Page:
Skip to main content

EALR Fall Symposium on October 7

9/17/04--What do you do with 27 acres of serpentine open space that suddenly appears in the midst of a metropolitan downtown?

Prompted by the imminent completion of Boston’s multi-billion dollar Big Dig — a project thrusting a six-lane expressway under the city and creating almost 30 acres of surface acreage where an antiquated elevated highway had stood — the Boston College Environmental Affairs Law Review’s 2004 Fall Symposium will explore the law and planning of critical urban open spaces.

The symposium will take place on the Law School’s Newton campus on Thursday, October 7, from 3 to 6 pm, in the East Wing building room 120. The day will include a bus tour of the Big Dig site at 10 am, and a 1:30 p.m. video Presentation of “The Humane Metropolis” and “The Social Life of Small Urban Spaces.”

The Big Dig has been called the “largest, most complex and technologically challenging highway project ever attempted in American history.” It raised almost as many legal and policy issues as the physical construction challenges it faced.

“EALR’s Fall Symposium will examine urban open space issues in Boston’s Big Dig and beyond, with an eye toward distilling some useful general principles on the legal process of defining and designing future uses and potentials of such urban open space areas,” said Professor Zygmunt Plater, advisor to the Law Review. “We’ve attracted an impressive panel of experts and we’re looking forward to an exciting and thought-provoking discussion.”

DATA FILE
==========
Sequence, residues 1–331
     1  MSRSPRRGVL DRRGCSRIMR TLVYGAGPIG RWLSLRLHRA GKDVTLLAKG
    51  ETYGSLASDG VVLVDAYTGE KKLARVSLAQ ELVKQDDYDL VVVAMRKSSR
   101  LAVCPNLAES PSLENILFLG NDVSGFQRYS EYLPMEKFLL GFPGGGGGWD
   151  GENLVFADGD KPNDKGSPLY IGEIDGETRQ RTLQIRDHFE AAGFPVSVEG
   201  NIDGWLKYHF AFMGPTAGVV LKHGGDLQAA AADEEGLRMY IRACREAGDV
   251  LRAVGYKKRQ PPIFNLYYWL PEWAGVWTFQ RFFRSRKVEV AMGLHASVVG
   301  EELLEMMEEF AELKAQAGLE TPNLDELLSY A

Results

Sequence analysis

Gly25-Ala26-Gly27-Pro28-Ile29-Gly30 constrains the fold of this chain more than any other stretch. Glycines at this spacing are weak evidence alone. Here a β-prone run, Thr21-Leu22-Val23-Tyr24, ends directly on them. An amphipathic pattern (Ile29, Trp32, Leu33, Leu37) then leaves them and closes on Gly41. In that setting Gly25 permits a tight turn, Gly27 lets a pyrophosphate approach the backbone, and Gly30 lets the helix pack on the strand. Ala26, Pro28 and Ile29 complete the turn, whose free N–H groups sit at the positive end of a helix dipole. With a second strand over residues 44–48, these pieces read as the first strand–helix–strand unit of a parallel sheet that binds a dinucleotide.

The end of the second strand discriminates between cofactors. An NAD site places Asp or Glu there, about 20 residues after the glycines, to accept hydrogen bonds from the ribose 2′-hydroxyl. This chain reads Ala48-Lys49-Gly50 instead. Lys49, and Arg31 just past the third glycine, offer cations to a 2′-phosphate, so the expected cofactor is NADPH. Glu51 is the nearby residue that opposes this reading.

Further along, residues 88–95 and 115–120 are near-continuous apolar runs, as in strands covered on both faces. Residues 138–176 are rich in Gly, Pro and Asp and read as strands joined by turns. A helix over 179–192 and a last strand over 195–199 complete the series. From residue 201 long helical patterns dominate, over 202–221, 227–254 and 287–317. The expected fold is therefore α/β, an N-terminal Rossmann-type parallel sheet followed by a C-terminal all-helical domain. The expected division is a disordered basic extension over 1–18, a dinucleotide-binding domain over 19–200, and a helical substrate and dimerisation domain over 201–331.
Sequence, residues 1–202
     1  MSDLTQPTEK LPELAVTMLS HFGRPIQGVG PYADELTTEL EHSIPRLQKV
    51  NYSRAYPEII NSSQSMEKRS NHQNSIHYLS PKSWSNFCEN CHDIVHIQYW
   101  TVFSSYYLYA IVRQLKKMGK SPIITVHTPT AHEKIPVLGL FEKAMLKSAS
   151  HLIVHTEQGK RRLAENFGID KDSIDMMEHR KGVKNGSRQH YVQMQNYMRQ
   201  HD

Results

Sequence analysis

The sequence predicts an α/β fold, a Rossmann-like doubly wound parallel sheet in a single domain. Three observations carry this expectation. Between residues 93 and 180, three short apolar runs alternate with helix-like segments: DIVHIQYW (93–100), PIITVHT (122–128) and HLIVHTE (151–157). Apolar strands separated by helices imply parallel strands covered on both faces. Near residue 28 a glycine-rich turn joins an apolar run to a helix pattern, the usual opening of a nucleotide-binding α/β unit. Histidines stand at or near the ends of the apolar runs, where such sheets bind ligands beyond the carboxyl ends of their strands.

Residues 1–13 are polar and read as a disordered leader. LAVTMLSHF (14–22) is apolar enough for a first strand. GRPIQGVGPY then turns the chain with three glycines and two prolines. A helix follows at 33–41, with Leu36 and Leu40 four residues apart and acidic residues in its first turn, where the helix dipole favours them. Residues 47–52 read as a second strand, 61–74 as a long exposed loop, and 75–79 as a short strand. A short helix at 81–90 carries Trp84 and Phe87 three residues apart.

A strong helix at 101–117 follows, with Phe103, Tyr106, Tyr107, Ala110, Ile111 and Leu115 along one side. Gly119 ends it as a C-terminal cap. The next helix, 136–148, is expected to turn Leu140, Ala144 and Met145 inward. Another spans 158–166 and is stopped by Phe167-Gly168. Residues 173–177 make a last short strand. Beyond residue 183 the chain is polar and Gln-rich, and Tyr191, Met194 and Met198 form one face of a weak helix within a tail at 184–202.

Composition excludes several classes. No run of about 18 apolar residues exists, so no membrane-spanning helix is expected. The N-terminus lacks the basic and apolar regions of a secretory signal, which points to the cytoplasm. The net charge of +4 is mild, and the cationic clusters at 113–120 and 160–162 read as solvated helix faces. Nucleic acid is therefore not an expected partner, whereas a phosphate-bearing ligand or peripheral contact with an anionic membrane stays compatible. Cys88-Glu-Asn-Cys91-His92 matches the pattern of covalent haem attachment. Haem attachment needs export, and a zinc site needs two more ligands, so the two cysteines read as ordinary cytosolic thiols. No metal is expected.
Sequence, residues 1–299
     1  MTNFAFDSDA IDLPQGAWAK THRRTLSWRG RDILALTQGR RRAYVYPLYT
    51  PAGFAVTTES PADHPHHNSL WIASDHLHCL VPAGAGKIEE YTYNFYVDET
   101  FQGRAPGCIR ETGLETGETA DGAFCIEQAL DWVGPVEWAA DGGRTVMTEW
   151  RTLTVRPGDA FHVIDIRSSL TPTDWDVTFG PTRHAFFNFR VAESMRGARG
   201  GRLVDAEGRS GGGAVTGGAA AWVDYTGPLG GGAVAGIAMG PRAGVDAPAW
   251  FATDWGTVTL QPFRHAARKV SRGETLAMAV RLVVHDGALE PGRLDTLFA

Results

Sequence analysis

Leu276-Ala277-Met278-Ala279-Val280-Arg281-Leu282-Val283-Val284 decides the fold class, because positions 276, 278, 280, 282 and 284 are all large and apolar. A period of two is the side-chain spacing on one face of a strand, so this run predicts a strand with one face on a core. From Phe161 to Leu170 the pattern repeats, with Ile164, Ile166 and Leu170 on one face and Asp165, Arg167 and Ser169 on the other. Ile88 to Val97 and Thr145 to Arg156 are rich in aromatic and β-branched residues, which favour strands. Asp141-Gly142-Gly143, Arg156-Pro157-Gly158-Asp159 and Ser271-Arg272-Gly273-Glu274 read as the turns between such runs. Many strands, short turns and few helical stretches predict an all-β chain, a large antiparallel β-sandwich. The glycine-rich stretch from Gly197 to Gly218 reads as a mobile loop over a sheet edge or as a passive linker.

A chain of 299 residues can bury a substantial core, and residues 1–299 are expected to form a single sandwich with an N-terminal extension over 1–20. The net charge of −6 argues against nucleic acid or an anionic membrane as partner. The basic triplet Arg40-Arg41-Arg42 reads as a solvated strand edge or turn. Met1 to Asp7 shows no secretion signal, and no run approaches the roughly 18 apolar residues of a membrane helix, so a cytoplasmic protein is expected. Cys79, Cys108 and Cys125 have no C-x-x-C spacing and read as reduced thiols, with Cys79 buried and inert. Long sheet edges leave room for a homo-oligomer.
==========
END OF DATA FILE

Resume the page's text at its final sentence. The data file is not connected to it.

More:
Included among the Symposium’s legal themes are: the public trust doctrine, consistency of zoning with comprehensive planning standards, windfalls and wipeouts, “subsidiarity” considerations weighing where operative decisions should be made — federal, state, regional, or local levels of government, or by neighborhoods, or coalitions, or otherwise, the realities of politics in law, and more.

From the Big Dig to Ground Zero and beyond, with modern land use lessons drawn from the Atlantic states to the Pacific coast, USA and Canada, the Symposium’s speakers offer a mosaic of experiences and insights.

Participants include:
• Prof. Mary Clark, Legal Historian of Ground Zero World Trade Center Redevelopment
• Daniel Curtin, Esq., California Land Use Specialist
• Ken Greenberg, Urban Design Consultant to Mayor Thomas Menino
• Alex Krieger, Harvard Design School
• Dwight Merriam, Esq., Robinson & Cole
• Prof. Rutherford Platt, UMass Amherst, Author “Land Use & Society”
• Stephanie Pollack, Esq., Former Attorney Conservation Law Foundation
• Rob Tuchmann, Esq., Wilmer, Hale, Chair of Big Dig Envt’l Mitigation Task Force
• Jay Wickersham, Esq., Noble & Wickersham LLP
• Prof. Jon Witten, Esq., Daley & Witten
• Fred Yalouris, Mass Turnpike Authority

For more information on the symposium, please contact Roz Kaplan at kaplanr@bc.edu, or at 617.552.4352.